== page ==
A long time ago human being lived high up in what
is now called heaven. They had a great and illustrious chief.
It so happened that this chief's daughter was taken very ill with a
strange affliction. All the people were very anxious as to the outcome
of her illness. Every known remedy was tried in an attempt to cure
her, but none had any effect.
Near the lodge of this chief stood a great tree, which every year bore
corn used for food. One of the friends of the chief had a dream in
which he was advised to tell the chief that, in order to cure his
daughter, he must lay her beside this tree, and that he must have the
tree dug up. This advice was carried out to the letter. While the
people were at work and the young woman lay there, a young man came
along. He was very angry and said: "it is not all right to destroy
this tree. Its fruit is all that we have to live on." With this remark
he gave the young woman who lay there ill a shove with his foot,
causing her to fall into th hole that had been dug.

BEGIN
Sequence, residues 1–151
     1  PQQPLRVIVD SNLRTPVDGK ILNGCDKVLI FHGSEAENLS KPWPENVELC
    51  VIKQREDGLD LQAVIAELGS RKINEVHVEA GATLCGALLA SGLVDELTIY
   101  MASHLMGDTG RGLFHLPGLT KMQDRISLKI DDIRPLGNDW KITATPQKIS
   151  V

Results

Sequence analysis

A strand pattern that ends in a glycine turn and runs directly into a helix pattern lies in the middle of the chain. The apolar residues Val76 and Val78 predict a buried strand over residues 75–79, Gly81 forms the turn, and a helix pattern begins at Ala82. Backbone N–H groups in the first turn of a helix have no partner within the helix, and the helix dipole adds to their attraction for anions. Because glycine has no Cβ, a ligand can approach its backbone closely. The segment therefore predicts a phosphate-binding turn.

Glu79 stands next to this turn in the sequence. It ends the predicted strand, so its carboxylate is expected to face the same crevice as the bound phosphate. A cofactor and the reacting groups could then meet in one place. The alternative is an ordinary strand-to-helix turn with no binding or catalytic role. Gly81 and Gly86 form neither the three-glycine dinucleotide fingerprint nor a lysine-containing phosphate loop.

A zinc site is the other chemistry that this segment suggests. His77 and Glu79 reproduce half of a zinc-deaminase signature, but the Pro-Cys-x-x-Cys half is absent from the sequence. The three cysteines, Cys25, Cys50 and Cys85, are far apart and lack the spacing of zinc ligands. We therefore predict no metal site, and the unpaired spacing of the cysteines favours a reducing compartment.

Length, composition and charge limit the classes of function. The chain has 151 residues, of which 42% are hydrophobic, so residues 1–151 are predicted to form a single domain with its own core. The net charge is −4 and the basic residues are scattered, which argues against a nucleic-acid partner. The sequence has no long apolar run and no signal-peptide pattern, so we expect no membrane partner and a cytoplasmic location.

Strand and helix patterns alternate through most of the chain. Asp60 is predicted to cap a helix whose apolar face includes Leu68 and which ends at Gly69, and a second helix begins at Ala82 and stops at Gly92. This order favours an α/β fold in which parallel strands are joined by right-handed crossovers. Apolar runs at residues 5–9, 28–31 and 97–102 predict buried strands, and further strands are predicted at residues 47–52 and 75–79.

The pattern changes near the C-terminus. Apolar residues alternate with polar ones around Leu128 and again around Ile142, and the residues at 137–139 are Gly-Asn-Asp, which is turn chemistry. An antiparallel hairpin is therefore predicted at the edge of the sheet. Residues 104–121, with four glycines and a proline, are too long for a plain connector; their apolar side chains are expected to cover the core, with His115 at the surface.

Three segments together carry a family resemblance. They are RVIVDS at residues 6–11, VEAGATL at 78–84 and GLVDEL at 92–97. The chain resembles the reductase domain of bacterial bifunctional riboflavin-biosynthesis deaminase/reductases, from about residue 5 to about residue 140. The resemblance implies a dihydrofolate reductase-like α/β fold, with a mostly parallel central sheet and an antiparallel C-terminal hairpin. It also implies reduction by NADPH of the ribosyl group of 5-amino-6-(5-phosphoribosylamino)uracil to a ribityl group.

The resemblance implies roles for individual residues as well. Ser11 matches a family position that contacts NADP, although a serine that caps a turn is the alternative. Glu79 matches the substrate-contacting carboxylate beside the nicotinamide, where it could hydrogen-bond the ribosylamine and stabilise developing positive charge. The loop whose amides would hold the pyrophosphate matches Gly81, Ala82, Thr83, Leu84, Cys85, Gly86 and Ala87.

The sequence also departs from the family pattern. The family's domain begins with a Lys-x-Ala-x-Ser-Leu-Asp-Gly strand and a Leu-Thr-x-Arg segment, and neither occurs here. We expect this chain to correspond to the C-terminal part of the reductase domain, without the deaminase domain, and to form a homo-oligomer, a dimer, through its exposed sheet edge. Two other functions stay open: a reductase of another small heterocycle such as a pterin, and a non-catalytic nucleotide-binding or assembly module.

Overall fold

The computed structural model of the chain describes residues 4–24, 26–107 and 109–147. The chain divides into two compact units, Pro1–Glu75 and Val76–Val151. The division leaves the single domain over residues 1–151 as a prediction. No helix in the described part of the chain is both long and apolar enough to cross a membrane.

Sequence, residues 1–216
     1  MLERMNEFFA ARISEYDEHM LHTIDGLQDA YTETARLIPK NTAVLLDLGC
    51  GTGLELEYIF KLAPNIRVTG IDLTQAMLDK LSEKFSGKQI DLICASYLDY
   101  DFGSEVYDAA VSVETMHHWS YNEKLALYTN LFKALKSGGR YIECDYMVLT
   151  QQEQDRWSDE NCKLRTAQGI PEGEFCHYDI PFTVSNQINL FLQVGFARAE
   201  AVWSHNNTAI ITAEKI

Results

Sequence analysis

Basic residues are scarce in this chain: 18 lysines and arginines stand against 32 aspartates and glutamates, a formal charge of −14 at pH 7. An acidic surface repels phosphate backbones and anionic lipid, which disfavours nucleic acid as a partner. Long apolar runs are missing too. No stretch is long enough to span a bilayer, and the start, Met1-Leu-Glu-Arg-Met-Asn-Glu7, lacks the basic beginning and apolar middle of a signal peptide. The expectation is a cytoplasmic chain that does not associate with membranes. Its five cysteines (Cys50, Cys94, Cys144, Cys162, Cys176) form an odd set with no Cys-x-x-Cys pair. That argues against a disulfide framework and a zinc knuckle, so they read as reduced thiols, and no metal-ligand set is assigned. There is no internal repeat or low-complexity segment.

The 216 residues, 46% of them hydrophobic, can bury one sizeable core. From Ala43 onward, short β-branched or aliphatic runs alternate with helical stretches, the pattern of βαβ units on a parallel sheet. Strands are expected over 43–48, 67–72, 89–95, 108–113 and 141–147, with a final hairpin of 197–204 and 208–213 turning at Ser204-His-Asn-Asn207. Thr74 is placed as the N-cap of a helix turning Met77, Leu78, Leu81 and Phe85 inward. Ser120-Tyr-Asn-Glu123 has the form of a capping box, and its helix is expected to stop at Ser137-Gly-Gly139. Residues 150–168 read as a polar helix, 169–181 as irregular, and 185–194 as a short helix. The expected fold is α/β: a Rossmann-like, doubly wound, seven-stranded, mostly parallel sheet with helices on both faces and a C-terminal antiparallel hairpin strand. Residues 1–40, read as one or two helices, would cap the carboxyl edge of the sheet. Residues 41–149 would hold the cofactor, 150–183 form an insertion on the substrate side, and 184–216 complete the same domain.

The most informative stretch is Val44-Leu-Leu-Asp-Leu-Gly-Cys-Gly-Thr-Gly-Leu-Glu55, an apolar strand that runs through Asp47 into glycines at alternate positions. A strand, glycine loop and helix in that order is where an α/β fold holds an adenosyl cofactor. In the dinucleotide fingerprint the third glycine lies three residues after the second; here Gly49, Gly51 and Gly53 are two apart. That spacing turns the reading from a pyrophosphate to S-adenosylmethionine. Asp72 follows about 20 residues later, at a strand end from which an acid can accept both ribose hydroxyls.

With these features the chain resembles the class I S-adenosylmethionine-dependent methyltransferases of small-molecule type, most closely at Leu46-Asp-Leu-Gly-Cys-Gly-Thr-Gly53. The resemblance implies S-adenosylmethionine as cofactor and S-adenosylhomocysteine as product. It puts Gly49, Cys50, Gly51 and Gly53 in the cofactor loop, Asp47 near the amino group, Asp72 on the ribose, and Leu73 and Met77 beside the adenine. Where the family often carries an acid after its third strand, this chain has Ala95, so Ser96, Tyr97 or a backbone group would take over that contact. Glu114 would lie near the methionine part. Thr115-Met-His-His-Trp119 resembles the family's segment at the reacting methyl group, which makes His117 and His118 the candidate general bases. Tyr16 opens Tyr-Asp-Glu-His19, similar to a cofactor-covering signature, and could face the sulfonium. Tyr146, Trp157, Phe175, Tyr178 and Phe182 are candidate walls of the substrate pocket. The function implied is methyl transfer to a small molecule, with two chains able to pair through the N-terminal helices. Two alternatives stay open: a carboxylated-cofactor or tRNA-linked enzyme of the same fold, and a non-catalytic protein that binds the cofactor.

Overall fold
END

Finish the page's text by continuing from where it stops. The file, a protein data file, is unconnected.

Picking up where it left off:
Now, that hole opened into this world, which was then all water, on
which floated waterfowl of many kinds. There was no land at that time.
It came to pass that as these waterfowl saw this young woman falling
they shouted, "Let us receive her," whereupon they, at least some of
them, joined their bodies together, and the young woman fell on this
platform of bodies. When these were wearied they asked, "Who will
volunteer to care for this woman?" The great Turtle then took her, and
when he got tired of holding her, he in turn asked who would take his
place. At last the question arose as to what they should do to provide